The purpose of this study is to model the progression of HIV/AIDS disease of an individual patient under ART follow-up using non-homogeneous semi-Markov processes. The model focuses on the patient’s age as a relevant factor to forecast the transitions among the different levels of seriousness of the disease. A sample of 1456 patients was taken from a hospital record at Amhara Referral Hospitals, Amhara Region, Ethiopia, who were under ART follow up from June 2006 to August 2013. The states of disease progression adopted in the model were defined based on of the following CD4 cell counts: >500 cells/mm3 (SI); 349 to 500 cells/mm3 (SII); 199 to 350 cells/mm3(SIII); ≤200 cells/mm3 (SIV); and death (D). The first four states are referred as living states. The probability that an HIV/AIDS patient with any one of the living states will transition to the death state is greater with increasing age, irrespective of the current state and age of the patient. More generally, the probability of dying decreases with increasing CD4 counts over time. For an HIV/AIDS patient in a specific state of the disease, the probability of remaining in the same state decreases with increasing age. Within the living states, the results show that the probability of being in a better state is non-zero, but less than the probability of being in a worse state for all ages. A reliability analysis also revealed that the survival probabilities are all declining over time. Computed conditional probabilities show differential subject response that depends on the age of the patient. The dynamic nature of AIDS progression is confirmed with particular findings that patients are more likely to be in a worse state than a better one unless interventions are made. Our findings suggest that ongoing ART treatment services could be provided more effectively with careful consideration of the recent disease status of patients.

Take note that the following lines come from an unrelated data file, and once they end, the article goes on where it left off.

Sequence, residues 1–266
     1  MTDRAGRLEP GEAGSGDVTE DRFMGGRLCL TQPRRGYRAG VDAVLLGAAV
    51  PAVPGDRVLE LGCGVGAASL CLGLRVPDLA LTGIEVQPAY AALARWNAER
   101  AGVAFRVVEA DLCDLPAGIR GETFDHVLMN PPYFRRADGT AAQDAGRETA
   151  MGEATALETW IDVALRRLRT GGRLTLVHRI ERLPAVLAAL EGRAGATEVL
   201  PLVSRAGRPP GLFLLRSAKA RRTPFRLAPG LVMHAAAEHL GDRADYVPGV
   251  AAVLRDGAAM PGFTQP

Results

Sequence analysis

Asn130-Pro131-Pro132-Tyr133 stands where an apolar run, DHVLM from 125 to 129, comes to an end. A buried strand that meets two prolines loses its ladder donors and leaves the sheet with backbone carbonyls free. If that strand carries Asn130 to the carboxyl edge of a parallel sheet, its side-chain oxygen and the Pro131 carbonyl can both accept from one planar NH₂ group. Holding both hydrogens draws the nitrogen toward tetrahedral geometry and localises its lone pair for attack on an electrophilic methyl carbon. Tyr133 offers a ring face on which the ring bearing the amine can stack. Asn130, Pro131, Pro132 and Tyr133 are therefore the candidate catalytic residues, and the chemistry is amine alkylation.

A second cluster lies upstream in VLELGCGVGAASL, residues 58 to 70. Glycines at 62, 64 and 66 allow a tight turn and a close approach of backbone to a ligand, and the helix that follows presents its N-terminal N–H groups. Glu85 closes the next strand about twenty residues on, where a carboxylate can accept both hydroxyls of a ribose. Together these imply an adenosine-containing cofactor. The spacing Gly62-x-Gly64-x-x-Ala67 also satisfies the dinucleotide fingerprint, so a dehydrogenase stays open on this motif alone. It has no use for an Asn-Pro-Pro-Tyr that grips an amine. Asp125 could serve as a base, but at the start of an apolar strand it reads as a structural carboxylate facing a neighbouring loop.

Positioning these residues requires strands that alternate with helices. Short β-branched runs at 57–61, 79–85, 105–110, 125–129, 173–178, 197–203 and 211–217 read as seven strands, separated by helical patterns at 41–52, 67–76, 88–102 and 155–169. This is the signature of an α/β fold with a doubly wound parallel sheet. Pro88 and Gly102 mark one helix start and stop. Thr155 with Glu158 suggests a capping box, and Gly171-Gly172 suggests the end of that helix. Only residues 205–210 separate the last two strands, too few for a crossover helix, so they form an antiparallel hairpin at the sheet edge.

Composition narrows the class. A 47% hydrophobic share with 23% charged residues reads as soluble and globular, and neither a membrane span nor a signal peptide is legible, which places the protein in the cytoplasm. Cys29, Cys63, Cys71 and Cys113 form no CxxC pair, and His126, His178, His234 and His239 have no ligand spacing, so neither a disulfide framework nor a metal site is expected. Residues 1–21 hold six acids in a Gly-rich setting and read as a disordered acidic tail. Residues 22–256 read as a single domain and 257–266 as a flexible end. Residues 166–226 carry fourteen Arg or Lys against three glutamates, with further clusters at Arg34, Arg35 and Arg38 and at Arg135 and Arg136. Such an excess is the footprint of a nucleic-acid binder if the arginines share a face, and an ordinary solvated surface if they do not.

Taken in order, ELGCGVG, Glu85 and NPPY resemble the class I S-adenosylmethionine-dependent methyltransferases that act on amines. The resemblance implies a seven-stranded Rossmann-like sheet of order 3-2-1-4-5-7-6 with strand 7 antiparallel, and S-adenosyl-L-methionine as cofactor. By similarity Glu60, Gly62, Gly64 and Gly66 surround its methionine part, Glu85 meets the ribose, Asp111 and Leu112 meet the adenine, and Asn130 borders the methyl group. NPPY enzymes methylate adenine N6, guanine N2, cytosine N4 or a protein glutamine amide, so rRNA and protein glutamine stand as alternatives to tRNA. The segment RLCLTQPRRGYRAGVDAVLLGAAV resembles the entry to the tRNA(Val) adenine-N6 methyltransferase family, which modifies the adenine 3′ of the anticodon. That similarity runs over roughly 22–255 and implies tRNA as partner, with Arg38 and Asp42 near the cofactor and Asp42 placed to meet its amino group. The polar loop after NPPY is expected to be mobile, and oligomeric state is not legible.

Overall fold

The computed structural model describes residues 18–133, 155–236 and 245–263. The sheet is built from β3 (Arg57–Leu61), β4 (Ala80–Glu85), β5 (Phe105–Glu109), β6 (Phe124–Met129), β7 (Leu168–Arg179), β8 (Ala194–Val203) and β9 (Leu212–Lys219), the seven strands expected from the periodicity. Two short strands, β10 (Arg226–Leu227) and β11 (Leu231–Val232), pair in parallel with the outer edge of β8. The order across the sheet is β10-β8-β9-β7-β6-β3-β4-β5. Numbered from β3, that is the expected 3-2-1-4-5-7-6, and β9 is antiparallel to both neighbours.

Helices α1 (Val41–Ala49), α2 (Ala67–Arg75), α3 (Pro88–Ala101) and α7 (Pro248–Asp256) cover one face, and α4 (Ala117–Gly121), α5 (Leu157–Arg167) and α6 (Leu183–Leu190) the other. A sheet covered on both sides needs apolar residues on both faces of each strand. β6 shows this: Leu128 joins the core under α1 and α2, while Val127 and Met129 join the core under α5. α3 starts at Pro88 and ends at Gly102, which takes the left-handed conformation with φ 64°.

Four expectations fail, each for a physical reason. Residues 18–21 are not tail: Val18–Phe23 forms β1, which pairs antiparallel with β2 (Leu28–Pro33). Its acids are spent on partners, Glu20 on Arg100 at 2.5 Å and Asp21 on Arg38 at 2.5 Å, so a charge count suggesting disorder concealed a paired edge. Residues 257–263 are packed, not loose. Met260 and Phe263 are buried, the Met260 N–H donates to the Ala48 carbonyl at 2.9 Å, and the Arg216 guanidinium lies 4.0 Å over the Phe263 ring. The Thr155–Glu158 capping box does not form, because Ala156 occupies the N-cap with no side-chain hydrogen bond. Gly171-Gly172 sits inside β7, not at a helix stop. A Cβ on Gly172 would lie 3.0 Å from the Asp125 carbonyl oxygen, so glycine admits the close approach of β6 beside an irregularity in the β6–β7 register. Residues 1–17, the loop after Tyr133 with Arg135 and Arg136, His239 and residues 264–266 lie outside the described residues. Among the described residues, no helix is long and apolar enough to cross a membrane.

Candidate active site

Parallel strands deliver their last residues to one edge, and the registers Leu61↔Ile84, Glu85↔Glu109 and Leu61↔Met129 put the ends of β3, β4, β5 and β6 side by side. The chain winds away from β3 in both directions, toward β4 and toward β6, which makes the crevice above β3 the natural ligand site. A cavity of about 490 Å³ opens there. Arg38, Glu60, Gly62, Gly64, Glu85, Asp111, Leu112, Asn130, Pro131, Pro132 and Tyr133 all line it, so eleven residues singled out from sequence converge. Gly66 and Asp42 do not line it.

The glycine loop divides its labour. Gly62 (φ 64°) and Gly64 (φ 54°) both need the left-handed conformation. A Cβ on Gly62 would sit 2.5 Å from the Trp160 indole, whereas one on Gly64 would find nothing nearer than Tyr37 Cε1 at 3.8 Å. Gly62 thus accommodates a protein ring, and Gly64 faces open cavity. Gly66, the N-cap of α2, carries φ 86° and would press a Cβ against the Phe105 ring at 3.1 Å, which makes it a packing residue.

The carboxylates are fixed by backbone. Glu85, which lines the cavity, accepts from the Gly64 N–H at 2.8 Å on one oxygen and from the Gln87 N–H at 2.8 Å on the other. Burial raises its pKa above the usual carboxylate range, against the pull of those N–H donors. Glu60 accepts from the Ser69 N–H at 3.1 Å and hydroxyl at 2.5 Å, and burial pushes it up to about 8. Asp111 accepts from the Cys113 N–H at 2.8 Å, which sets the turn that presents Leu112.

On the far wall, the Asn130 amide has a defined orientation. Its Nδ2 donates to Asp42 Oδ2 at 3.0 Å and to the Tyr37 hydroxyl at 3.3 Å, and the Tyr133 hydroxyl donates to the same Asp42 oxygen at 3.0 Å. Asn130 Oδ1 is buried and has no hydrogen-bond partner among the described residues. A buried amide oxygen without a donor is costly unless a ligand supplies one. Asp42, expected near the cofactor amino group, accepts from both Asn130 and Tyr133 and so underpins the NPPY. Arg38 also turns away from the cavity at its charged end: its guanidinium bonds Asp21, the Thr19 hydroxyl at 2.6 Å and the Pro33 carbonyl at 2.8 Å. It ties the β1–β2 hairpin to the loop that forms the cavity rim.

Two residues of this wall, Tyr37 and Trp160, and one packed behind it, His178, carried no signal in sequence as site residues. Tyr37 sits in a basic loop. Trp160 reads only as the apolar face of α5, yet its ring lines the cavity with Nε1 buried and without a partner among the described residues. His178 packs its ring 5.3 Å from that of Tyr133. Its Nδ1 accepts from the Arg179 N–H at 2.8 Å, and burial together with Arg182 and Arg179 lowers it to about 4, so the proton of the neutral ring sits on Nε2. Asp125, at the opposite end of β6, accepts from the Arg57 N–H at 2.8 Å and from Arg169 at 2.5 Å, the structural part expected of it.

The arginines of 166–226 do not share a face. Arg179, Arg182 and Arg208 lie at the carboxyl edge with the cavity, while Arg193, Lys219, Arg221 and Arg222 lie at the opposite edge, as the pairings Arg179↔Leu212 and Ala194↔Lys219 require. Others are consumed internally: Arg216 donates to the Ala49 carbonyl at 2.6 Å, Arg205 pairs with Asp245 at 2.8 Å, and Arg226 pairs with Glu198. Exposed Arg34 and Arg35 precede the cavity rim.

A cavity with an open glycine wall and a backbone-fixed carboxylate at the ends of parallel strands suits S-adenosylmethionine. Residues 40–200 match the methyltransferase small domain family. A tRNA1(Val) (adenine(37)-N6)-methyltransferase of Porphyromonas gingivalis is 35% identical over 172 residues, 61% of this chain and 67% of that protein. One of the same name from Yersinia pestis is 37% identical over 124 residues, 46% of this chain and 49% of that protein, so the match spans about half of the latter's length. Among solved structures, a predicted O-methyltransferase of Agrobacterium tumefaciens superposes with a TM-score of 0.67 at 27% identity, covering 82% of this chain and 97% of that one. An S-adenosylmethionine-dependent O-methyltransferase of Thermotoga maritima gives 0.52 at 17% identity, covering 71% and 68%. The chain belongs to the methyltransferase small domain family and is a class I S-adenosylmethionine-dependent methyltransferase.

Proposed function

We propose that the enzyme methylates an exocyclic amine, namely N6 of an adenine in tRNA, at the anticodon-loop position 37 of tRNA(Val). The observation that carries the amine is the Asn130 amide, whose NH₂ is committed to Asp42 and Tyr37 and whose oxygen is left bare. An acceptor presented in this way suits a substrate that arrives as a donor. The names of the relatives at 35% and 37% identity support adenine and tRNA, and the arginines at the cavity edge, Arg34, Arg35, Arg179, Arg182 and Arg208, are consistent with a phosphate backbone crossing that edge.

Dessie, Z. G. (2014). Modeling of HIV/AIDS dynamic evolution using non-homogeneous semi-markov process. SpringerPlus, 3(1). https://doi.org/10.1186/2193-1801-3-537